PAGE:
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A tribute to Professor Mary DeShazer

Mentor provided support, guidance along the way, writes Karen Roberts Nabavi ('01).

By Karen Roberts Nabavi (’01) Wake Forest Magazine Guest Contributor
Prof. of English and Women's, Gender and Sexuality Studies Mary DeShazer
Prof. of English and Women's, Gender and Sexuality Studies Mary DeShazer

“Everyone, please grab a chair. Let’s move them into a circle.”

Those are the first words I recall Mary DeShazer saying to us on the first day of her Women and Literature class when we faced desks arranged in orderly rows. We promptly shifted the desks, and we did the same for every class session that followed. Initially I thought this weekly ritual was about furniture placement. Now, I think that Dr. DeShazer had us form a circle to eliminate corners — corners in which we might have tried to hide.

I do not mean to imply something sinister about Dr. DeShazer, who retired this week after more than three decades as an English professor and professor of Women’s, Gender and Sexuality Studies. She cared too much about her students to allow any of us to slip silently and unnoticed into the dark recesses of the room. She expected a lot from each one of us, and, in turn, we expected a lot from each other and ourselves. Dr. DeShazer nurtured a spirit of trust and respect in that classroom. Her passion for the readings and authors excited us, but she was as interested in listening to us and learning alongside us as she was in speaking to us. And so, for me that circle we formed every Wednesday afternoon from 4 p.m. to 6:30 p.m. became a sacred space from which a whole new world emerged.

Karen Roberts Nabavi ('01)

Karen Roberts Nabavi (’01)

Over the course of the semester, I would drop by her office many times, seeking help to tease out the latest idea bouncing around inside my head. She always had time for me, suggesting authors to check out, lending me books and raising questions to push me further in my thinking. She often returned my papers marked with nearly as many questions as comments. With Dr. DeShazer there was always a back-and-forth exchange of ideas.

Through those conversations, my own interests developed, and Dr. DeShazer helped me to chart a course to explore them. (In fact, those interests persisted long after I’d moved beyond the Wake Forest gates and became the focus of my graduate work at Georgetown University.) That extraordinary time spent sitting in her classroom still informs the way I view and make sense of the world. When I read about the first generation of South Africans born after Apartheid going to the polls, or the shooting of Pakistani activist Malala Yousafzai by a Taliban gunman or the shifting landscape of civil rights for LGBT Americans, my mind immediately returns to what we read and what we learned and what we said in Dr. DeShazer’s class. Yes, we learned to use gender as one lens of analysis, but our work was never only about gender.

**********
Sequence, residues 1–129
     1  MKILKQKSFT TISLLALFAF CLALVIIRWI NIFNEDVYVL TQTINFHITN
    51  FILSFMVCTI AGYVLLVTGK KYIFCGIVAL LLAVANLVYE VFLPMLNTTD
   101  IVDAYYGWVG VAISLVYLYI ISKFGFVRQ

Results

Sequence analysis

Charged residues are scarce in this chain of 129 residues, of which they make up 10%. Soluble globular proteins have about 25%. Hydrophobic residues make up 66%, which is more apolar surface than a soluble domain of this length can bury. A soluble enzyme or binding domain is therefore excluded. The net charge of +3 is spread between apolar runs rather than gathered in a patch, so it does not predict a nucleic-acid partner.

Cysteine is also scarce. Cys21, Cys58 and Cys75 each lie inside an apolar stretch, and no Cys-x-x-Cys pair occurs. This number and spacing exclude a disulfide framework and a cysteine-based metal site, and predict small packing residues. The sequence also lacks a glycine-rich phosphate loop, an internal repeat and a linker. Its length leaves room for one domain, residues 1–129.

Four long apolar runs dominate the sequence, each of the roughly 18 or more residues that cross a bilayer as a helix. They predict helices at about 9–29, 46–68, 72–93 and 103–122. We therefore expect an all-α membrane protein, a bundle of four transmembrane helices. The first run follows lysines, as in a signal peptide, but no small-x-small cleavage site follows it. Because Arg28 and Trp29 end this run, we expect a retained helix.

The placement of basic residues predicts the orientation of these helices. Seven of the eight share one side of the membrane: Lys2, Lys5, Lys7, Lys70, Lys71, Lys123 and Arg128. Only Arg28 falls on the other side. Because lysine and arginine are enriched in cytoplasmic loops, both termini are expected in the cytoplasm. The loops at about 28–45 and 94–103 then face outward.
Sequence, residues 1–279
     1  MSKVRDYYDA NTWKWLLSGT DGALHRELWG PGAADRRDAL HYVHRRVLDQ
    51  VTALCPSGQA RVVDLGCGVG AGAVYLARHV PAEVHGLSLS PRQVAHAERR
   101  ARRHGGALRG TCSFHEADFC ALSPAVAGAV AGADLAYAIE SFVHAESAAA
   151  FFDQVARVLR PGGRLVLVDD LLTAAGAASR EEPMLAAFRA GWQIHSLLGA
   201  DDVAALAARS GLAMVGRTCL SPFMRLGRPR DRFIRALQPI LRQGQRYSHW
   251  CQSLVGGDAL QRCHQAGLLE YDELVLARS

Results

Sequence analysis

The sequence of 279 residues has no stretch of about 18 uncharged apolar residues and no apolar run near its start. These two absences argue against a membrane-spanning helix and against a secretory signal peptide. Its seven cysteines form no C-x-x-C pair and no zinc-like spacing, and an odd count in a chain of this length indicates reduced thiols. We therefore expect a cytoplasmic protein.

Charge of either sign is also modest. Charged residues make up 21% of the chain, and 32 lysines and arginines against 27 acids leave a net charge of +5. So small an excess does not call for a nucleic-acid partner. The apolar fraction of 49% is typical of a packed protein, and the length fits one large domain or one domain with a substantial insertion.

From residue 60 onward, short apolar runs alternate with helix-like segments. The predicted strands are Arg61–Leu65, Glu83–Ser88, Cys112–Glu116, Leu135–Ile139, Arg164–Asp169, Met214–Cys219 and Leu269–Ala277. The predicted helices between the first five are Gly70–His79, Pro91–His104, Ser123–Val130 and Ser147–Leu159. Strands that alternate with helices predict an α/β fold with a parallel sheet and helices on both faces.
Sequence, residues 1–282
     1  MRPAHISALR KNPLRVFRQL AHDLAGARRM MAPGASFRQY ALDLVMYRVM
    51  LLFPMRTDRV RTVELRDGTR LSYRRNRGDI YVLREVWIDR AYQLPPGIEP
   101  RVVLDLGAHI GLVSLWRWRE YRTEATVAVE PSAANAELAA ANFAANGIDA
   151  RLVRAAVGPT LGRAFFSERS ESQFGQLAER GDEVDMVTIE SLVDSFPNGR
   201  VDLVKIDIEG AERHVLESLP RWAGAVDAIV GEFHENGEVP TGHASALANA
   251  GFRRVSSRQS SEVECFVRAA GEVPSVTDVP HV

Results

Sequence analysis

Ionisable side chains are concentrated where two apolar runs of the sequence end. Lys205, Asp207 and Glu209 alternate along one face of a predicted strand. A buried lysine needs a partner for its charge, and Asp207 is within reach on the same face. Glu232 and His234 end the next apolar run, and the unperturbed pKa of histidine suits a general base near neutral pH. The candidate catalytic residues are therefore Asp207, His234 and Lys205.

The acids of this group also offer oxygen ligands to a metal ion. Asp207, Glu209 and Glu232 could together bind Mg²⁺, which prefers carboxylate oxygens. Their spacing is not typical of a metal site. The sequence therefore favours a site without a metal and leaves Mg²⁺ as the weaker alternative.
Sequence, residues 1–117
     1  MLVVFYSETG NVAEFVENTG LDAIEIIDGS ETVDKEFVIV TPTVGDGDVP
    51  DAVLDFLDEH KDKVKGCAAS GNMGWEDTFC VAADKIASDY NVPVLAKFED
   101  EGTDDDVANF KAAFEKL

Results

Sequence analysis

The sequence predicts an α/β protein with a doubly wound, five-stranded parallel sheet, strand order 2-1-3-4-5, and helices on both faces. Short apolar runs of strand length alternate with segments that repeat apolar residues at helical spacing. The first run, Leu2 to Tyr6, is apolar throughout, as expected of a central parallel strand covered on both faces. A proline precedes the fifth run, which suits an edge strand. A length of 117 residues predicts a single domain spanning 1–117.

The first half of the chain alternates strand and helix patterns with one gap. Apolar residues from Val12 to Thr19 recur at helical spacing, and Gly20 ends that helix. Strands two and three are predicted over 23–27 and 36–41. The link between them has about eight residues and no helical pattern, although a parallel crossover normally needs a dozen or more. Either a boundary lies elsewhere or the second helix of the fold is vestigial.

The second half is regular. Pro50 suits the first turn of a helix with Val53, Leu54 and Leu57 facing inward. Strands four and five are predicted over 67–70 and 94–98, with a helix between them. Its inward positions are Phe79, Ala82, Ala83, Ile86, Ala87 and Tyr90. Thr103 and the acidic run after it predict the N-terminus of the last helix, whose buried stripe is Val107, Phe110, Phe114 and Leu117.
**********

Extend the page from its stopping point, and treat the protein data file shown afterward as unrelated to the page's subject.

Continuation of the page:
I remember early in the semester my roommate asking me what we talked about in class. “Everything,” I replied.

And now, 15 years later, I still feel so grateful for this experience. The kind of mentoring relationship I had with Dr. DeShazer at Wake Forest is the kind of relationship that you hope you’ll have with a professor when you’re leafing through glossy college brochures in high school. What more could I have wanted in a university than to have the chance to discover where my academic interests lay, explore them to the fullest of my ability and learn to express them in my speech and writing with skill and confidence? What more could I have wanted in a professor than one who would provide support and guidance along the way?

A couple of months before I graduated, Dr. DeShazer inscribed my copy of the anthology of women’s literature that she had edited. Her inscription talks about the experience of not just teaching me but learning from me. From me! Her words remind me that the ideas that bounce around inside my head are indeed worth exploring and sharing. This is still a powerful message for me today, just as it was when I was a young undergraduate, sitting in that circle, a sacred space with no corners, and nowhere to hide. And thank goodness for that.

After graduating in 2001, Karen Roberts Nabavi completed her master’s degree in Communication, Culture and Technology at Georgetown University. She spent several years as an IT project manager and now works as an IT consultant. She lives with her husband, Ali Nabavi, and two sons, Elliott, 2, and Wesley, 7 months, in Washington, D.C.